This contribution will focus on the debates and questions arising in Italy around public Islam, young Muslim women and secularism. These debates shed a new light on the nature of Italian secularism, ultimately helping to reposition the accusation towards Islam as a threat to the secular public sphere. The paper aims at suggesting that there is hardly anything that makes Islam in Italy exceptionally and uniquely alien to secularism. Rather than Muslim constituencies, in Italy it is the Catholic Church that is striving to re‐occupy a position in the public sphere that has been shrinking since the 1970s. On the other hand, rather than challenging the nature of secularism and liberalism in Italy, young Muslim women are contributing to their expansion and redefinition.
Framing new regulations by challenging rules in Naples
Antonio Vesco and Alexandros Kioupkiolis
The “commons” have become a rallying point of social mobilization against privatization and a linchpin of collective civic empowerment and democratic renewal in several countries. What singles out the Italian “laboratory” of urban commons in recent years is the coalescence of pro-commons lawyers with activists, movements, and grassroots collectives. The central role played by law in the Italian commons network must be read in the light of the distinctive forms that regulations and rules assume in specific contexts. Drawing on ethnographic research conducted between 2018 and 2019, this article focuses on the case of Naples and the reinvention of the legal tradition of “civic use.” Our account of the daily practices pursued by a Neapolitan community of commoners—L’Asilo—delves into the role played by the law and its representatives in a political context that has always been the subject of stigmatization.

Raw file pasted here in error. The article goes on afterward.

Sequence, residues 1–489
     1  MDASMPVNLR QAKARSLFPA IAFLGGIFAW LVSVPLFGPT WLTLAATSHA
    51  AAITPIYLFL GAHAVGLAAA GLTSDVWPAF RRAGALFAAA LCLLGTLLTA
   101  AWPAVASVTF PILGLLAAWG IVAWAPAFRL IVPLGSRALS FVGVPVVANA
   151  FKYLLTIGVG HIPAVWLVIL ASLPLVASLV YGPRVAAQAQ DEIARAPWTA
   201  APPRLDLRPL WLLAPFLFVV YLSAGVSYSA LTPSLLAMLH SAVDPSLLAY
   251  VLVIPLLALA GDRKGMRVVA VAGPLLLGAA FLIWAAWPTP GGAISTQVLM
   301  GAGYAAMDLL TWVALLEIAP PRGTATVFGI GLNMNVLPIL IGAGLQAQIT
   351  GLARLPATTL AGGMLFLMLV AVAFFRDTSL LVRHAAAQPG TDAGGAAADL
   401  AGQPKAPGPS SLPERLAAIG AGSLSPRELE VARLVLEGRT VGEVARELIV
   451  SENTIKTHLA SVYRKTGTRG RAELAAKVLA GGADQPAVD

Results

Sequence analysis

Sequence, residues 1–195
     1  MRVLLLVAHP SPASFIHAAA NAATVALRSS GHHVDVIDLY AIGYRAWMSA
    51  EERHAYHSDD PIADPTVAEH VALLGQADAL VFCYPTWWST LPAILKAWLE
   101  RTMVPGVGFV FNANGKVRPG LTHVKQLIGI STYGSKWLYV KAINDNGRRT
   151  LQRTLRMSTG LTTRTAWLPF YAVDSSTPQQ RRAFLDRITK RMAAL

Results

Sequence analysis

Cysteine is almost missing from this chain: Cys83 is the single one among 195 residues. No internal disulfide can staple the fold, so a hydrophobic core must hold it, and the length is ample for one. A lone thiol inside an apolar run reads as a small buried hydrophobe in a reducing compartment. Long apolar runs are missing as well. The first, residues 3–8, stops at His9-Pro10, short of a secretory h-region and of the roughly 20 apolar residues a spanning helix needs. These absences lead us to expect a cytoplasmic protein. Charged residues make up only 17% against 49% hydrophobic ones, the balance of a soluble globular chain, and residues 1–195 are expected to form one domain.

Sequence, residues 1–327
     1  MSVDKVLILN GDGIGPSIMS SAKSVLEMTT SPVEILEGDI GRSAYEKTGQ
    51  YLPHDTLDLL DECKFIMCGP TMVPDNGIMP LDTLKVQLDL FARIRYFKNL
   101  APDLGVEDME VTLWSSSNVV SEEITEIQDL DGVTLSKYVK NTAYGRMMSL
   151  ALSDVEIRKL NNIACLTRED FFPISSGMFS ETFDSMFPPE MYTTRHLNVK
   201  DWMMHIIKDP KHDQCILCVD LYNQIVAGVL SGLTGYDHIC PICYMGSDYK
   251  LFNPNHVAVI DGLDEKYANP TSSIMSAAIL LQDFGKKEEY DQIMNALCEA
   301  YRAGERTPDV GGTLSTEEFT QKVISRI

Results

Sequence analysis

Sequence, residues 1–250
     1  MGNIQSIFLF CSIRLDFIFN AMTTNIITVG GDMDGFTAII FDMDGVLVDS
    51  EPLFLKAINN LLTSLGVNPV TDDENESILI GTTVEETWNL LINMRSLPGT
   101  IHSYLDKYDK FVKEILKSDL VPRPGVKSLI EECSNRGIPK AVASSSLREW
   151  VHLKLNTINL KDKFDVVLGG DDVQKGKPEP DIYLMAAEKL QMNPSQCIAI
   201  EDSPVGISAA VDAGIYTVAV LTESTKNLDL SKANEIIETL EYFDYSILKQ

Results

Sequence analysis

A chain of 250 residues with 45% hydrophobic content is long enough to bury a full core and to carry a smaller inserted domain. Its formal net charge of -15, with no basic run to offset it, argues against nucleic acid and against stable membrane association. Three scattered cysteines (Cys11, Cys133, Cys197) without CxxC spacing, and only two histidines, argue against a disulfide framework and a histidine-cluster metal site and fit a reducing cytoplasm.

Ghanaian Migrant Business and Power in Veneto, Italy
Beraku and their different trajectories in life. Joseph and PK belong to a group of migrant workers from the small Guan village of Senya Beraku in Ghana's Central Region, who came to Italy about 10 years ago in a push that saw more than 25–50 Senya people
Decolonising Italian Cities
Federazione delle Resistenze's ‘Urban Guerrilla’ and the Harnet Street's Memorial Archive with the Roman Eritrean Diasporas Those who still infest the legends around the jail of Dekhamere are white devils. They are Italian devils (Riccardo
Alta Qualità and Food Choice in Italy
food cultures are made and unmade. In other words, deeming a food certified made in Italy or halal is not the only outcome of the process. The values produced do something akin to ‘moral re-appreciating’ the past in conjunction with the modern present